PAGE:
Taiwan debates future of nuclear plants, spent fuel rods
While the island sits on 20,000 spent fuel rods not yet stored securely, a recent referendum result was a severe setback to the 'zero-nuclear' policy
Taiwanese environmentalists and anti-nuclear campaigners say they are perturbed by the risk of a cataclysmic nuclear disaster hitting the island nation. They claim that fallout from such a disaster could exceed that of the 2011 Fukushima nuclear accident that devastated northeastern Japan.
Some remain fearful even though Taiwan has moved a step closer toward the ruling Democratic Progressive Party’s stated goal of a “nuclear-free” Taiwan by the middle of the 2020s. The first reactor at the Jinshan Nuclear Power Plant in New Taipei City, aka No. 1 Nuclear Plant, has now been taken offline for decommissioning.
But in the meantime Taiwan is faced with another thorny issue that may linger on for many more years, even after the island phases out all of its reactors: where to safely put spent nuclear fuel rods that have been piling up in temporary storage.
The decommissioned Jinshan reactor alone has added 816 more rods to the deadly stockpile.
Even after having closed down the Jinshan facility, state-run Taipower still operates two other nuclear power plants, one in New Taipei City’s Wanli district and another in southern Pingtung County.
Taipower admitted on Tuesday that spent rods and other radioactive waste presently has to remain at the Jinshan facility as existing storage facilities are already at full capacity. This means the plant’s safety systems must be kept running until a permanent site can be built and flustered locals can be mollified.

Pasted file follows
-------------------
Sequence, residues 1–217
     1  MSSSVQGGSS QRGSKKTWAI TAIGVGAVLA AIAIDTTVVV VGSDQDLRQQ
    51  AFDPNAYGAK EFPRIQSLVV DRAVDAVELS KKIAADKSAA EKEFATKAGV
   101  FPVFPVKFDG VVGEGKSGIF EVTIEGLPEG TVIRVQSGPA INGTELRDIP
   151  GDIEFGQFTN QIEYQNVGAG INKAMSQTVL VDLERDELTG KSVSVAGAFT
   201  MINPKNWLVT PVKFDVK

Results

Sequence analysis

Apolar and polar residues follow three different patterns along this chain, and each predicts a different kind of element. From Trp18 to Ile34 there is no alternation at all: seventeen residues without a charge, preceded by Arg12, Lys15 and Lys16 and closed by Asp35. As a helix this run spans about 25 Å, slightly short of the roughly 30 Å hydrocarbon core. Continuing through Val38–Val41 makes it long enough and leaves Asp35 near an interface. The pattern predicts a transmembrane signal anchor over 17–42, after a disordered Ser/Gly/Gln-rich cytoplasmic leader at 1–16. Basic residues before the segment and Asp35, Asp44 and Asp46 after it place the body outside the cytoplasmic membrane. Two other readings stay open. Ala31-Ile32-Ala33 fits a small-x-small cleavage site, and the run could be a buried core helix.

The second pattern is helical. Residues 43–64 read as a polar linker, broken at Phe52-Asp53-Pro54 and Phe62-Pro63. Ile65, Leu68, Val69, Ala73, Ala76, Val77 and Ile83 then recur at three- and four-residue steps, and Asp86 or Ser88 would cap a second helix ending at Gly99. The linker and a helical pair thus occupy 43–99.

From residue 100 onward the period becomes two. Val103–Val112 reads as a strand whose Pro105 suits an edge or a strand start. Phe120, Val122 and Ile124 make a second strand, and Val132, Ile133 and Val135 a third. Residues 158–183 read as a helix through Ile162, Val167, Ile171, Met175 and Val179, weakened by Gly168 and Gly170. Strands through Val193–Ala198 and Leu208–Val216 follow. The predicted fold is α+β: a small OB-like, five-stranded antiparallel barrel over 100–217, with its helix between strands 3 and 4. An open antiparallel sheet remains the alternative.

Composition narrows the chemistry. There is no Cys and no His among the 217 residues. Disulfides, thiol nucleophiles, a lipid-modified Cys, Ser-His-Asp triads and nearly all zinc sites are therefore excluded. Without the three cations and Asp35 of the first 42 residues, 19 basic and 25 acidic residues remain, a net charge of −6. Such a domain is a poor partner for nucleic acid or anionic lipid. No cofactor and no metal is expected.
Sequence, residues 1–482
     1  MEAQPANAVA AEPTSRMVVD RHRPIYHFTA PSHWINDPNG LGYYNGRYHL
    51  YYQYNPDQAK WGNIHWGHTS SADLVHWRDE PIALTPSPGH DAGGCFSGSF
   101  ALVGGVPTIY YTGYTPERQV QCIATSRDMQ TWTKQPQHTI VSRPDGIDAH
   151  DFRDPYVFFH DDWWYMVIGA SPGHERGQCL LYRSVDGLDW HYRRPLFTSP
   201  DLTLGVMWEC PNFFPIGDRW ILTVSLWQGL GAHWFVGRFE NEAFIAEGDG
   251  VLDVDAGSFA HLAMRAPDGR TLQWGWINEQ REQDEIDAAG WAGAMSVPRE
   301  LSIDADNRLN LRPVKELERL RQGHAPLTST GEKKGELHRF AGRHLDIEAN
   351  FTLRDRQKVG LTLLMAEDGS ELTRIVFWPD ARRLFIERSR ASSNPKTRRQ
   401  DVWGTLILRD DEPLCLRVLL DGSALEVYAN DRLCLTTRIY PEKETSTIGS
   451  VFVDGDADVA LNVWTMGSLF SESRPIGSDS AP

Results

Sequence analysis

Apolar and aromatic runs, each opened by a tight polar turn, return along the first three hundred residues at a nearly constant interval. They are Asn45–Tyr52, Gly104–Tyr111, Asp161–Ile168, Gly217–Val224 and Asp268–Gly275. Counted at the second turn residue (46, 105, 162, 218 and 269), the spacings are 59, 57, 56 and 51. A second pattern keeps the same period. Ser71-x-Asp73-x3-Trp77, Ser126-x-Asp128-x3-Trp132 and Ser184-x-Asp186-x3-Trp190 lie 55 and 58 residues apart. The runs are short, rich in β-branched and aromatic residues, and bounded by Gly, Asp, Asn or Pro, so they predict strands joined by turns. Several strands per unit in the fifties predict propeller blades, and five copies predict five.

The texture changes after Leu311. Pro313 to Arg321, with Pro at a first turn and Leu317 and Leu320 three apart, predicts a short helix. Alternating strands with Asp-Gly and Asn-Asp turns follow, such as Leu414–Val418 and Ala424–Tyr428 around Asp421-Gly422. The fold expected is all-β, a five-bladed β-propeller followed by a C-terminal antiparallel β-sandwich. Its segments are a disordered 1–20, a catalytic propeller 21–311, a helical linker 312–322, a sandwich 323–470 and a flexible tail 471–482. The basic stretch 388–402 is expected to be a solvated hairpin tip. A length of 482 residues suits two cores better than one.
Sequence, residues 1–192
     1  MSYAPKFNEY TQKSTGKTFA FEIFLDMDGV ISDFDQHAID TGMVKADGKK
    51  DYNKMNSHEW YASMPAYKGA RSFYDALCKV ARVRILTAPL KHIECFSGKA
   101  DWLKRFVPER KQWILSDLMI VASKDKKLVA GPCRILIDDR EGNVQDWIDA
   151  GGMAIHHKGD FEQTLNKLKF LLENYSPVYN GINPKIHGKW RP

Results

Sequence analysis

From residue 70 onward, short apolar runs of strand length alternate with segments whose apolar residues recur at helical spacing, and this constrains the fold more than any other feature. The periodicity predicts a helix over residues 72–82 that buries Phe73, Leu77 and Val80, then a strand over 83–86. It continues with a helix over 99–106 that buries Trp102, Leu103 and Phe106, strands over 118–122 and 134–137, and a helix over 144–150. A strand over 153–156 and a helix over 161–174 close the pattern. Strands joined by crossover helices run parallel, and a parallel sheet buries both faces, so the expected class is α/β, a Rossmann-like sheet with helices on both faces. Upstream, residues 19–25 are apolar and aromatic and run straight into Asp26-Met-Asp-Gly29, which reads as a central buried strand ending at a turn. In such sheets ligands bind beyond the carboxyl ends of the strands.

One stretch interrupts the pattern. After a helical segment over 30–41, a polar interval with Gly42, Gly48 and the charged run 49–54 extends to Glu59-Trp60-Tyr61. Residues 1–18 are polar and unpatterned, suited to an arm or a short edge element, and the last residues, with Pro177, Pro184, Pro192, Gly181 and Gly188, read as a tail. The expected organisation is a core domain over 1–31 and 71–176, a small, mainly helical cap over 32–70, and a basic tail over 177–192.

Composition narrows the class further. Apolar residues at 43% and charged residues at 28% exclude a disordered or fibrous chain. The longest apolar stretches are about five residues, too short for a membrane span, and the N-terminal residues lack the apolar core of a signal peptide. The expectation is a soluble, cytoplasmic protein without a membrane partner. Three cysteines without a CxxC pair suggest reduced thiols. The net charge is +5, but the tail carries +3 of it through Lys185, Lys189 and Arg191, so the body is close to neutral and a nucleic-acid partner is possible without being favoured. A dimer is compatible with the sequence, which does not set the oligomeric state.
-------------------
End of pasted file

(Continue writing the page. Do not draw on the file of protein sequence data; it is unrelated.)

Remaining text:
Anti-nuclear advocacy group Green Consumers’ Foundation insisted that the dry cask storage facility at the Jinshan plant was built on a seismically unstable location and too close to built-up areas.
Over the years, about 20,000 bundles of spent fuel rods have been produced by the three nuclear plants in Taiwan, after the island turned to nuclear power generation to satisfy its need for electricity at the end of the 1970s.
The tsunami and resultant disaster at Fukushima’s Dai-ichi nuclear plant in 2011 resulted in the evacuation of all residents within a 250-kilometer radius, and experts say Taiwan will need a 1,000-km-radius evacuation zone should a similar reactor meltdown occur at the Jinshan plant, mainly due to the amount of rods stored there.
In the event of a catastrophe at the Jinshan plant, which sits near the northernmost tip of Taiwan, mainland coastal cities like Shanghai, 670 km to the north, will also have to brace itself for potential radioactive fallout due to the prevailing wind direction.
Nonetheless, Taiwanese Premier William Lai said his cabinet would respect the passage of a pro-nuclear referendum, one of the ten held alongside the island’s regional elections at the end of November. The plebiscite has effectively overthrown previous bills to close or mothball all nuclear facilities by 2025.
This latest development has thrown the DPP’s “zero-nuclear” policy into chaos.
Lai said the government would examine all options and consult the public about what to do with the island’s existing nuclear plants.
Taiwan’s Atomic Energy Council said the decommissioning of the Jinshan plant would go ahead as planned, as the deadline for any proposal to extend its 40-year operation permit had already lapsed.
Such a proposal would have had to be submitted five to 15 years in advance to give the council sufficient time to assess feasibility and safety plans.